What to do on a summer’s day with two inquisitive boys under the age of four and a baby aged less than one week? With dry weather promised we planned a family day out at the SouthLakesAnimalPark. Unfortunately the park is just about as far as you can travel from our home without emigrating out of the county. And driving seventy miles with two impatient boys sitting in the back seat, boys who hadn’t slept a wink all night because they were ‘so excited’, seemed to triple the length of the journey. Their constant duet of questions, ‘are we there yet?’ and ‘are we there now?’, meant the stop-slow traffic-jam we joined just four miles before reaching our destination nearly caused mutiny, from granddad. By the time we queued to park the car and queued again to pay our entry fee we were beginning to wonder if it had really been worth taking a day off work. But duty called.
My oldest grandson loves nature, in any shape or form. Curiosity drives him to study the many spiders, snails and wood-lice he finds in his own garden. Last week he came home with half a sheep’s skull he’d found (walking on the Fells) which now sits proudly on a shelf in his bedroom. He loves to point out the funny-shaped teeth still set in the jaw bone and remembers the important role they play in a sheep’s lifestyle. Of course pre-historic creatures are his special subject and he dreams of one day visiting that temple of dinosaur bones, the NaturalHistoryMuseum in London – ‘perhaps when I’m six’.
The animal he was most hoping to see at the SLAP (why they don’t use that acronym?) was a leopard. He’d done his homework and recognised the pair of spotted jaguars curled fast asleep in the first major compound were not ‘real leopards’. He admired the tigers, briefly, but was unimpressed by the monkeys’ mischief and didn’t like the smell of the penguins, otters or rhinoceros’s. Although his younger brother was keen to stroke the animals in the ‘close encounters’ compound and was highly entertained when an emu decided to shadow him, despite its hovering like a primeval predator, the need to see a leopard was burning a hole in Oscar’s enjoyment.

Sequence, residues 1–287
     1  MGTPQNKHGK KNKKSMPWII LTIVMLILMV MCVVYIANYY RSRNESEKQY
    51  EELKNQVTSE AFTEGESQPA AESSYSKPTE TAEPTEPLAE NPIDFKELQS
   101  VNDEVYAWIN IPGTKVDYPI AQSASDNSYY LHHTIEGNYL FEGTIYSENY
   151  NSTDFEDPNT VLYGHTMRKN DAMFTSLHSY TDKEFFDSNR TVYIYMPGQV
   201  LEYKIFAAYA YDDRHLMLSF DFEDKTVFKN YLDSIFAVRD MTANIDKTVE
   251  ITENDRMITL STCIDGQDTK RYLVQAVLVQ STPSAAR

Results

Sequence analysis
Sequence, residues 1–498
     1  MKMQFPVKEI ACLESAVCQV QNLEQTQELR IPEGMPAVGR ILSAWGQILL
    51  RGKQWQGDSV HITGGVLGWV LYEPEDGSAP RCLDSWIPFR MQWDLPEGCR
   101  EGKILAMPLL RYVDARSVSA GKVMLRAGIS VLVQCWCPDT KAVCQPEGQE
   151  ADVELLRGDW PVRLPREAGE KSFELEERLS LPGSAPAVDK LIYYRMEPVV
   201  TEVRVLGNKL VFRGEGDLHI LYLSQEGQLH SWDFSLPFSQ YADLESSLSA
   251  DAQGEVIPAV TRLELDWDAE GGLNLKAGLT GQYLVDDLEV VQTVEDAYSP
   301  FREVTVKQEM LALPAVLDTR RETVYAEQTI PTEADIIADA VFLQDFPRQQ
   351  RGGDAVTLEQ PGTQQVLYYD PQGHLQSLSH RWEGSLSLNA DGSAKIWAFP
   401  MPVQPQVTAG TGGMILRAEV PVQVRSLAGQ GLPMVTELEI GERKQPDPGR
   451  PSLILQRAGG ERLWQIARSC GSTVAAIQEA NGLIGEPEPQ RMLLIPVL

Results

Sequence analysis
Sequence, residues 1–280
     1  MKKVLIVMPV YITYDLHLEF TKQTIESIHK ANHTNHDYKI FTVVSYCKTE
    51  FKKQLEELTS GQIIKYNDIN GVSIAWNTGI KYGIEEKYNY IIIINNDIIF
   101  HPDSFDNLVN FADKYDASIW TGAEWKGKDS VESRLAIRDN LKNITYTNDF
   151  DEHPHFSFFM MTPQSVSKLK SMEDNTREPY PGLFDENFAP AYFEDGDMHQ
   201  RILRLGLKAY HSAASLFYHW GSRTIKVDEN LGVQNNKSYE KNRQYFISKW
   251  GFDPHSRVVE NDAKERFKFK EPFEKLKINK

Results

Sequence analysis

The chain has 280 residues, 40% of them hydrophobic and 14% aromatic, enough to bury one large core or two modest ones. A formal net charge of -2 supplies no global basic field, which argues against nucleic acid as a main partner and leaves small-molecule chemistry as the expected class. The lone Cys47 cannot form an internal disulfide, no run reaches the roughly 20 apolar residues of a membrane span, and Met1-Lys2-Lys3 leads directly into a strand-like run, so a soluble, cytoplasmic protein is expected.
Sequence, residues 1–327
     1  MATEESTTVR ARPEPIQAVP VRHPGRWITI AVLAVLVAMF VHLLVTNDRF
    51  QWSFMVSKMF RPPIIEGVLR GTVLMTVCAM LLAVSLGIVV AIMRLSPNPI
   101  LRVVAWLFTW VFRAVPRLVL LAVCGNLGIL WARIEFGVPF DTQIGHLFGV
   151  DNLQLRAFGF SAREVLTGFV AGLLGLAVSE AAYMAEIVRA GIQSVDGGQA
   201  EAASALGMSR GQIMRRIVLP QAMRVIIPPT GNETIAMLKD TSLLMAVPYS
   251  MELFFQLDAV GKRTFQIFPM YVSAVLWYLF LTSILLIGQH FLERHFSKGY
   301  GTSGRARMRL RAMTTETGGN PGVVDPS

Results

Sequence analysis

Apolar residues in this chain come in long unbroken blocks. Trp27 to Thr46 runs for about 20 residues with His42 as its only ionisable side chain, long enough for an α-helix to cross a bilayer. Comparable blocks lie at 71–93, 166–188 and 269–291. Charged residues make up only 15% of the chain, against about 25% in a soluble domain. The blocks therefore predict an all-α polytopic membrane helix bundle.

It was a beautiful day and we ate our lunch with giraffes peering inquisitively over the railings while a large family of gibbons ran wild between their feet. And we were still sitting on the restaurant’s high boardwalk when four sturdy rhinos marched out below us to eat their mid-day brunch. But still no leopard!
We’d almost given up hope when we discovered a large shed set aside for quarantine animals. Lying in one small room was a soulful snow leopard, flopped against the railings as if he’d given up on the world. Just as Oscar bent to look closer it opened its eyes. Have you ever witnessed the moment when a child’s dream is fulfilled – his face beaming happiness he told everyone within radius, strangers and family, that this was indeed his leopard.
We later learned that the park have only just acquired this beautiful creature, and a huge new compound is currently under construction, a purpose-built paddock where they hope to join international efforts to save this extraordinary breed from extinction. Oscar will certainly do everything he can to help.